Taxonomy of Arts Education
Several models of arts education are practiced in U.S. schools:
- Creative, Self-Expressive Model. This traditional approach
is used in many schools. Its goal is to allow students to express themselves
through the arts and help them develop the skills needed to make or
perform works of art. In many schools, arts classes provide release
time for classroom teachers, as the arts classes are taught in isolation
from the rest of the curriculum.
- Comprehensive Model. This model is intended to help students
understand and appreciate the arts from four perspectives: aesthetics,
criticism, history, and production and performance. It is based on arts
education standards, including National Standards for Arts Education,
that outline content and achievement standards for dance, music, theatre,
and visual art at the elementary, middle, and high school levels. Many
states have adapted parts of these national standards within their own
- Community Resources Model. This approach exposes students
to visual and performing artists at work in their communities, to expand
their understanding and appreciation of the arts and develop future
audiences for the arts. Examples of practices in this model include
a field trip to the local museum and attendance at a young peoples
concert given by the local symphony orchestra.
- Arts Across the Curriculum. This is the interdisciplinary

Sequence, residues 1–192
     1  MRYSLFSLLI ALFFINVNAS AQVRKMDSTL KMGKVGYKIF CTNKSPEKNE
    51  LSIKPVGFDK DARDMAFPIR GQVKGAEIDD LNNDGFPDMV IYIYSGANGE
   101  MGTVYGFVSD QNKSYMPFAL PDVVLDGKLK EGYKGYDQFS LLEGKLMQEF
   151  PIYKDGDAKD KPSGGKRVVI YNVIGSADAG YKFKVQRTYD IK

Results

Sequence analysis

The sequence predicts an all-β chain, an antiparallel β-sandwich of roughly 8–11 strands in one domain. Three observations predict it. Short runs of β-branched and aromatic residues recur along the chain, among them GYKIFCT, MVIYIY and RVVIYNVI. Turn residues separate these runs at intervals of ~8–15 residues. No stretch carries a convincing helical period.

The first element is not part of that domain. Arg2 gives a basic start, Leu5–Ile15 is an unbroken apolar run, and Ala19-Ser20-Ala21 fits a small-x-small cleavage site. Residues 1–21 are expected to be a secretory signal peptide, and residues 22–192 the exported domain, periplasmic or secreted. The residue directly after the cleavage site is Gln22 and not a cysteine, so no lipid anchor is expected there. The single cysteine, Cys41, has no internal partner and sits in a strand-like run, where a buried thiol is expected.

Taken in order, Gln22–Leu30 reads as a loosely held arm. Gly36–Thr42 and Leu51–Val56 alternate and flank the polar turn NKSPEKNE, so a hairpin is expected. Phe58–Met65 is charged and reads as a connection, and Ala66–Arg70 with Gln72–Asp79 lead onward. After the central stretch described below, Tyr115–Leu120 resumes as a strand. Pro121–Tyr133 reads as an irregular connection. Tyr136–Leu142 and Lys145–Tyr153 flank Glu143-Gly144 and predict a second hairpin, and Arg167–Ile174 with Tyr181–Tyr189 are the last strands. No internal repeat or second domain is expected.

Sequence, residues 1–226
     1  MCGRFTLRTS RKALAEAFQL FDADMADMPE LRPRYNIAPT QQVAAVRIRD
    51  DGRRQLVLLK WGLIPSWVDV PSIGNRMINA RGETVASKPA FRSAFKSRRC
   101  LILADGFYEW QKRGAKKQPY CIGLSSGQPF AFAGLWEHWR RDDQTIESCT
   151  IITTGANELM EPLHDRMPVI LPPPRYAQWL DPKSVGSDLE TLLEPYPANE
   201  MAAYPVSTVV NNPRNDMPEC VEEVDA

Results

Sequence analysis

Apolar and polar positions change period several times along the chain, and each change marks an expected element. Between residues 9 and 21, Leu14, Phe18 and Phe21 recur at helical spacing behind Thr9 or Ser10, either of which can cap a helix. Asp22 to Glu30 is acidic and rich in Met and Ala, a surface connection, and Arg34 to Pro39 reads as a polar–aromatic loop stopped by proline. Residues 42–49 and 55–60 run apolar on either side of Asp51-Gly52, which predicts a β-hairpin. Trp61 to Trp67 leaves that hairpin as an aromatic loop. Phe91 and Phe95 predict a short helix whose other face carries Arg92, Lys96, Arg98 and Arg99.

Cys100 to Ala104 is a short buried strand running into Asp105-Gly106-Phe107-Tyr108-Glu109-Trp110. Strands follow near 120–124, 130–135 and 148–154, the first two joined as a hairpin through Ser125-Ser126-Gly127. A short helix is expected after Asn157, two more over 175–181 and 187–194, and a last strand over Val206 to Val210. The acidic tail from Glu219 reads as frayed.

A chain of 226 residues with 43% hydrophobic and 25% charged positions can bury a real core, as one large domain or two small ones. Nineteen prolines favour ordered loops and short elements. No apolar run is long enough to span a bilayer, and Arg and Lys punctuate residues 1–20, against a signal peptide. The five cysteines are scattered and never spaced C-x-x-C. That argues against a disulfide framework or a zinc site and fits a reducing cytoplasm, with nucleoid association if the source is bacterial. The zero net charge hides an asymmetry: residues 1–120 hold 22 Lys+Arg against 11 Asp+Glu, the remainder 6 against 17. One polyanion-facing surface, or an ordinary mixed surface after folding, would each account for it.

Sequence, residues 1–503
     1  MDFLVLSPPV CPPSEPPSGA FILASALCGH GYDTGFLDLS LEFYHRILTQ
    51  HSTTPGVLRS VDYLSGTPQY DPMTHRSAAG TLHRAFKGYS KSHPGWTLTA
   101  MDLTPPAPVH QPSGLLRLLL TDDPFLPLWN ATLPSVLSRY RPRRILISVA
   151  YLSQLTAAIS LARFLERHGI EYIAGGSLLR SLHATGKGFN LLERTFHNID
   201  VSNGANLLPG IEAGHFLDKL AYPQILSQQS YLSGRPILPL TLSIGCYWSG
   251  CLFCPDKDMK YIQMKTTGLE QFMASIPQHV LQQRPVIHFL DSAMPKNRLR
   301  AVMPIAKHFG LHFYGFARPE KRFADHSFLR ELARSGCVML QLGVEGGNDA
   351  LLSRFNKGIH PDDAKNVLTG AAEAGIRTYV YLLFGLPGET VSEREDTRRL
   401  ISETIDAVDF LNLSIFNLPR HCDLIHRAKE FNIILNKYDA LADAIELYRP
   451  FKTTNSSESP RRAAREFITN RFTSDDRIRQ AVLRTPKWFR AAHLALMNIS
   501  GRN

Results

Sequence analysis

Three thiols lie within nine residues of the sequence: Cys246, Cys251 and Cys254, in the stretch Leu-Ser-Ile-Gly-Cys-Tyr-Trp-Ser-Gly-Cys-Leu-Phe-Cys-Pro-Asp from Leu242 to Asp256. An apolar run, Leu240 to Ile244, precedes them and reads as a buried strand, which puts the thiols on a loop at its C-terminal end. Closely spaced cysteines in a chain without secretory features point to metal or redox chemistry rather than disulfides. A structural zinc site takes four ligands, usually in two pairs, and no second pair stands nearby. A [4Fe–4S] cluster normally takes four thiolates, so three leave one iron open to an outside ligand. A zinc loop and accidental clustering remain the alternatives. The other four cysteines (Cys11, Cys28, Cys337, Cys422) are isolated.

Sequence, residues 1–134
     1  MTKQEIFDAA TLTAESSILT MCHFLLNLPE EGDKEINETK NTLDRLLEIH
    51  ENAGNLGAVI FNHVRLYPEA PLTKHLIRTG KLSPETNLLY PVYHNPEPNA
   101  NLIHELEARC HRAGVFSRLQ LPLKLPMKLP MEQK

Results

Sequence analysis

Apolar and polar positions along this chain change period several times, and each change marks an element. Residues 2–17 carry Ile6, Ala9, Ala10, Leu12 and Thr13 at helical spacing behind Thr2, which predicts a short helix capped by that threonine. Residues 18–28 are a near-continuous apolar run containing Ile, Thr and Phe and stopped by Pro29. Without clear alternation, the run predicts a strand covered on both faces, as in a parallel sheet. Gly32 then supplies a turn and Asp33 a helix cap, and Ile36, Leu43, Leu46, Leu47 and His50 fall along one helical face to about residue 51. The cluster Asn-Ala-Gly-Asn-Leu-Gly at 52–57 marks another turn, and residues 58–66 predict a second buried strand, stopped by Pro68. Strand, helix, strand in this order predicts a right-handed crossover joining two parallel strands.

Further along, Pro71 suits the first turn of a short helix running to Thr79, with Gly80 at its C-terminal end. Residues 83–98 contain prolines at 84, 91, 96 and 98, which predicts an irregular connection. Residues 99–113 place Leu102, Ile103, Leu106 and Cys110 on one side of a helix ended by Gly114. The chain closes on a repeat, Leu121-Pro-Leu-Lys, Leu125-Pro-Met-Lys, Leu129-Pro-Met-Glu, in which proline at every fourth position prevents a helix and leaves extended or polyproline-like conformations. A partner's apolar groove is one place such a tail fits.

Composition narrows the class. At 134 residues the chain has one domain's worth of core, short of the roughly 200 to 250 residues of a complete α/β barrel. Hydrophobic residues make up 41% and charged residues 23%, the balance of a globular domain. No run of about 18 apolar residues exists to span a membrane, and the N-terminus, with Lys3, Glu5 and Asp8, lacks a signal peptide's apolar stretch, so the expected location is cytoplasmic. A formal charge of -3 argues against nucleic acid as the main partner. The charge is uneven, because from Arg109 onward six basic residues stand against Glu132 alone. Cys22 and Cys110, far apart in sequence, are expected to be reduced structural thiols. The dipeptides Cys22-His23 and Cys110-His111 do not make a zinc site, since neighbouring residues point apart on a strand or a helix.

or integrated curriculum model used in The Arts in Every Classroom
workshop. It responds to many needs, including deepening learning within
current time constraints, addressing the different ways students learn,
and making learning more relevant to students (real-world connections).
In this model, the curriculum typically is developed by a teacher or
team of teachers and starts from one of three places:
- major ideas within disciplines (art, math, science, etc.);
- major problems whose solutions require the use of various subject
matter and methods; or
- methods of thinking, inquiry, or study specific to various disciplines.
Students need to learn about the arts themselves and apply the skills
that come from arts awareness to other areas.
Source: Vicki Rosenberg, Council of Michigan Foundations
For more perspectives on integrated arts curriculum, see The Arts
in Every Classroom video library program What
Is Arts Education?